The set of ideas which we received from such a prospect or garden, having entered the mind at the same time, have a set of traces belonging to them in the brain, bordering very near upon one another: when, therefore, any one of these ideas arises in the imagination, and consequently dispatches a flow of animal spirits to its proper trace, these spirits, in the violence of their motion, run not only into the trace to which they were more particularly directed, but into severa! of those that lie about it. By this means they awaken Other ideas of the same set, which inmediately determine a new dispatch of spirits, that in the same manper open other neighbouring traces, till at last the whole set of them is blown up, and the whole prospect

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or garden flourishes in the imagination. But because the pleasure we received froin those places far sur, mounted and overcame the little disagreeableness we found in them; for this reason there was at first a wider passage worn in the pleasure traces, and on the contrary, so narrow 'a one in those which belonged to the disagreeable ideas, that they were quickly stopt up, and rendered incapable of receiving any animal spirits, and consequently of exciting any unpleasant ideas in the memory.

It would be in vain to inquire whether the power of imagining things strongly proceeds from any greater perfection in the soul, or from any nicer texture in the brain of one man than of another. But this is certain, that a noble writer should be born with this faculty in its full strength and vigour, so as to be able to receive lively ideas from outward objects, to retain them long, and to range them together, upon occasion, in such figures and representations as are most likely to hit the fancy of the reader. A poet should take as much pains in forming his imagination, as a philosopher in cultivating his 'understanding. He must gain a due relish of the works of nature, and be thoroughly conversant in the various scenery of a country life.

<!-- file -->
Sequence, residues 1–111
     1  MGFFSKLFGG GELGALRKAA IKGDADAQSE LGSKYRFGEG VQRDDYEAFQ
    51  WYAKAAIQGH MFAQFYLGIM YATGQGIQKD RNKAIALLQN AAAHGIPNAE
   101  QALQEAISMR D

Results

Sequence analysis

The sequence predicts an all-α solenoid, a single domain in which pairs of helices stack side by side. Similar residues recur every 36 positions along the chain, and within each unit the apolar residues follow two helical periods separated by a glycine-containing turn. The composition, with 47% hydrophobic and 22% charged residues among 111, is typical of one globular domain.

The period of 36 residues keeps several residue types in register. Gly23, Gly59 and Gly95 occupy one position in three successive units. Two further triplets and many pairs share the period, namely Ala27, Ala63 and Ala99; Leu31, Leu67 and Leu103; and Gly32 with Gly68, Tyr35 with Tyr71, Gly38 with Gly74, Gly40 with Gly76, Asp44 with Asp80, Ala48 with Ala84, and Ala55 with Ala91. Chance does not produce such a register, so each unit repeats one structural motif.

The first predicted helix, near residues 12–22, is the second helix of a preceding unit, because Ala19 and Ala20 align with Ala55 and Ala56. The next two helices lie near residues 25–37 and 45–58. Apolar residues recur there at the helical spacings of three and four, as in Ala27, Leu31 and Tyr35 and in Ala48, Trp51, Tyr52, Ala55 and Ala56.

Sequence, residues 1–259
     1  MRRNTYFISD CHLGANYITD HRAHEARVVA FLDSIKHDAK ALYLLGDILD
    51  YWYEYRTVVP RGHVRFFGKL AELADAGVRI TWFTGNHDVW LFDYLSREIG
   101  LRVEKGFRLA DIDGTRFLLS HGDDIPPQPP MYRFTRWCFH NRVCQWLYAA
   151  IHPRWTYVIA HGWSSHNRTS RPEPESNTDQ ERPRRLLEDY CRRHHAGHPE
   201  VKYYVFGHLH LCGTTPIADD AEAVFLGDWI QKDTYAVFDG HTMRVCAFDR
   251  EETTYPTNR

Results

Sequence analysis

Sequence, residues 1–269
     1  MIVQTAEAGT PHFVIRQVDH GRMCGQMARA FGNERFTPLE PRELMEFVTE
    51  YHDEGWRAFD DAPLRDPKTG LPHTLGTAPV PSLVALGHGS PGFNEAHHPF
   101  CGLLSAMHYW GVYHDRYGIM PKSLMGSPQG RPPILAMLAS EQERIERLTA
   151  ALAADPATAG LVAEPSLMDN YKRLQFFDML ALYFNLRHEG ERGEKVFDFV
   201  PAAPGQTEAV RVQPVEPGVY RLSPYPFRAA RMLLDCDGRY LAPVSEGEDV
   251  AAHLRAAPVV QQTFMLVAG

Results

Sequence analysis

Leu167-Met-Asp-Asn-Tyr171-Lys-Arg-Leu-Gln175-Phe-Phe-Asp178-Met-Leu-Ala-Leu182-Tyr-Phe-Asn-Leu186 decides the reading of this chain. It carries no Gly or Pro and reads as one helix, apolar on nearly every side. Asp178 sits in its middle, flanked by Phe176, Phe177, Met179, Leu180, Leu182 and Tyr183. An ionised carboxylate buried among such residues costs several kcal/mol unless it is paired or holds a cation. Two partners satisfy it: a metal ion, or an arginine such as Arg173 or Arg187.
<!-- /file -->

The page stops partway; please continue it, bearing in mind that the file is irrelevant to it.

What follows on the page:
When he is stored with country images, if he would go beyond pastoral, and the lower kinds of poetry, he ought to acquaint himself with the pomp and magnificence of courts. He should be very well versed in every thing that is noble and stately in the productions of art, whether it appear in painting or statuary, in the great works of architecture which are in their present glory, or in the ruins of those which flourished in former ages. Such adyantages as these help to open a man's 8